Ailey grew up in poverty in small-town Texas, to a 17-year-old mother. It’s both the story of his early life and the broader African American experience that the company is telling with the two-act “Lazarus,” so named for the theme of resurrection. It was choreographed by hip-hop artist Rennie Harris and commissioned by Robert Battle, Jamison’s successor as artistic director.
“There came this thing of wanting to hear Mr. Ailey’s voice, because so many of us didn’t have the opportunity to know him,” says Battle. He means “voice” both figuratively and literally; there’s a section of “Lazarus” where the choreographer inserts his own voice into old audio of Ailey, as if interviewing him today.
The piece begins with a historical look at the African American struggle, including a depiction of lynchings, and then moves into full-on, high-energy hip-hop. “Hip-hop is a celebration of life,” Battle says.
The genre also connects with younger audiences, of course, and the company’s challenge like that of any arts organization is to bring younger people into the fold. “Our biggest challenge is the competition for people’s leisure time,” Battle says. “The phones, the technology.” The cost of touring, too, is rising. “We have to continue to find ways to reach new audiences,” he says.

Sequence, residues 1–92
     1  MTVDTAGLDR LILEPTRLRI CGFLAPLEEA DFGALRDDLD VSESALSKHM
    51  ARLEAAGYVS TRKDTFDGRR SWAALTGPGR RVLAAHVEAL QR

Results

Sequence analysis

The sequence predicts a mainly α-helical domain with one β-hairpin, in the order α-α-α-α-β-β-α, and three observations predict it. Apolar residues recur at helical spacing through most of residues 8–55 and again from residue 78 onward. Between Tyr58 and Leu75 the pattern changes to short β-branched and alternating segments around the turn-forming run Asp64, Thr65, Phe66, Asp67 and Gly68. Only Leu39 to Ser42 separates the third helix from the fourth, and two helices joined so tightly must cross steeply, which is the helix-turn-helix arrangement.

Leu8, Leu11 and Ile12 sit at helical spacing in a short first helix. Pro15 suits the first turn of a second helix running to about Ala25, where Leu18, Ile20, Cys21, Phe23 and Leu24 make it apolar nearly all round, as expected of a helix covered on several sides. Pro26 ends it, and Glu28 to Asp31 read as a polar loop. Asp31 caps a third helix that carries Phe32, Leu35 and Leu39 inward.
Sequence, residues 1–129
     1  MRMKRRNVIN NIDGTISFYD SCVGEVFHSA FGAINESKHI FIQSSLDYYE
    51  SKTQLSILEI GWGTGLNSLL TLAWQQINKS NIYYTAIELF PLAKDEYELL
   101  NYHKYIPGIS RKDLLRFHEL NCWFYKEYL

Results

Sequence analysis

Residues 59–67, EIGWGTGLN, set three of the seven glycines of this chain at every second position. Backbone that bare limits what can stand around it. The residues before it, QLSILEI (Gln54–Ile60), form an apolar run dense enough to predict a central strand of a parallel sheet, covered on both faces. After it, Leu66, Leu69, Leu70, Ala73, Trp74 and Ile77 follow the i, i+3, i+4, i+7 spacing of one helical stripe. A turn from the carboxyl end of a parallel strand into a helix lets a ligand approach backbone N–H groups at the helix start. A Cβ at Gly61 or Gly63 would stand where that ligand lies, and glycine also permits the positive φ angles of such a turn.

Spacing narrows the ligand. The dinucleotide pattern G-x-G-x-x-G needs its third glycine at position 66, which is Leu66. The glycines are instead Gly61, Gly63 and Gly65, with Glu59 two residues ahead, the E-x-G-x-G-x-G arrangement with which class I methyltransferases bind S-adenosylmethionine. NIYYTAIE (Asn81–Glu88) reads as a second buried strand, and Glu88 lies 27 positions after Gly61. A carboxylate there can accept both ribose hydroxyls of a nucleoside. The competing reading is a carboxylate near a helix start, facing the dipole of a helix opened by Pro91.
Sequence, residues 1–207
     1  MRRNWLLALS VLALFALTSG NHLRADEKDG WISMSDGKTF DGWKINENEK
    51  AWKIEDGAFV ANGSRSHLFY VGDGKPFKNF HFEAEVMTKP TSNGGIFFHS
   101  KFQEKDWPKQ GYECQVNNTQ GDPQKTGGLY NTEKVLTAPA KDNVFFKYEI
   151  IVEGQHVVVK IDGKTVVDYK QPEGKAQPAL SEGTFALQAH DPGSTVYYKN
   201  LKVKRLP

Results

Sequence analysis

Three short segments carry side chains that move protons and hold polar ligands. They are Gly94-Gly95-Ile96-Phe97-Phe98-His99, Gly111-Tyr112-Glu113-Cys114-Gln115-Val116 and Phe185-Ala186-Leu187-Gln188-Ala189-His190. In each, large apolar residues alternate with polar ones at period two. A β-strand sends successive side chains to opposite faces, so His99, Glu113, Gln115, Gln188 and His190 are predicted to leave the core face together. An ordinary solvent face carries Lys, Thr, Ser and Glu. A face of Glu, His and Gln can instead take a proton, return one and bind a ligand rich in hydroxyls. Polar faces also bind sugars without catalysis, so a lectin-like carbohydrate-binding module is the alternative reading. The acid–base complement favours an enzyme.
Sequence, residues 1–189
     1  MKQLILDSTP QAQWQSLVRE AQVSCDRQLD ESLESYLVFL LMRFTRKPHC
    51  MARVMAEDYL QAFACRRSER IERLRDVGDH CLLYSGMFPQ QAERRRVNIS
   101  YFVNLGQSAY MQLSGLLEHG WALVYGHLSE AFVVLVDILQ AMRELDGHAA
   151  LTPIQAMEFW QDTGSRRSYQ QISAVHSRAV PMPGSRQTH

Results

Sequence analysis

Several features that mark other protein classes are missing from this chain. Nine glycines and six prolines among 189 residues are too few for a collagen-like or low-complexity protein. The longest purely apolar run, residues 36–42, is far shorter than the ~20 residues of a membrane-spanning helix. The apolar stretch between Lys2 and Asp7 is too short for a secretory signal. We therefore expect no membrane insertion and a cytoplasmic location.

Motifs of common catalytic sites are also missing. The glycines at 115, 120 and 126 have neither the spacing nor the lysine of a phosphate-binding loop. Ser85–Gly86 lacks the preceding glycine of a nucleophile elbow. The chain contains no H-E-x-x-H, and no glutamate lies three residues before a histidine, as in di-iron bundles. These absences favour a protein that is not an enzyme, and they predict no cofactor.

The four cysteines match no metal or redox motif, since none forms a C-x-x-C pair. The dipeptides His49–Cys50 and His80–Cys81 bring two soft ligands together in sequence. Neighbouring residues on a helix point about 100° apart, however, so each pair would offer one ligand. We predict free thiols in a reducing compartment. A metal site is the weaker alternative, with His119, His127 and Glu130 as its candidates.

However successful the new piece, or others in the company’s broad repertoire, nothing will ever take the place of “Revelations,” which more than a signature work is the very core of the company’s identity. It’s on the schedule most evenings the company performs.
Indeed, the work is so much in demand that none other than Ailey himself tried to cut back on it years ago, to showcase other things. But ticket sales dropped, Battle says, “And so Alvin said, ‘Put it back on!”’ Performed everywhere from the Olympics to the White House, the work has often been called the most-seen piece of modern dance, but it’s hard to imagine anything to compare it with.
“It’s a phenomenon,” Battle says simply, “a once-in-a-lifetime work. It’s universal in such a palpable way that no matter if we’re across the street or across the ocean, people have a visceral response.” He describes a trip to Russia where he felt very far from home until he saw the audience cheering “Revelations.” Suddenly, he says, “it became a church somewhere in the South.”
The popularity of “Revelations” is hardly a challenge, Battle says he sees it as a blessing. “It’s like Aretha singing, ‘Respect,”’ he notes. “People don’t get tired of it. It’s, ‘C’mon, sing it!”’ Jamison adds that on evenings when “Revelations” isn’t on the bill, audiences still appreciate seeing the new works and then, she quips, “they’ll buy another ticket, to get their fix.”
Nor do the dancers, for whom “Revelations” is a rite of passage, seem to tire of the work, Lebrun says.
“There’s always something new to say,” says Lebrun, whose favorite sections to perform are “I Wanna Be Ready,” a solo for a man preparing to meet his maker, and “Sinner Man,” where he enters the stage in an adrenaline-fueled sprint.
‘”Revelations’ is why we are here right now, 60 years later,” Lebrun says. “So if we don’t take care of it … this most important modern dance piece in the world, then why are we here? Why are we doing what we’re doing?”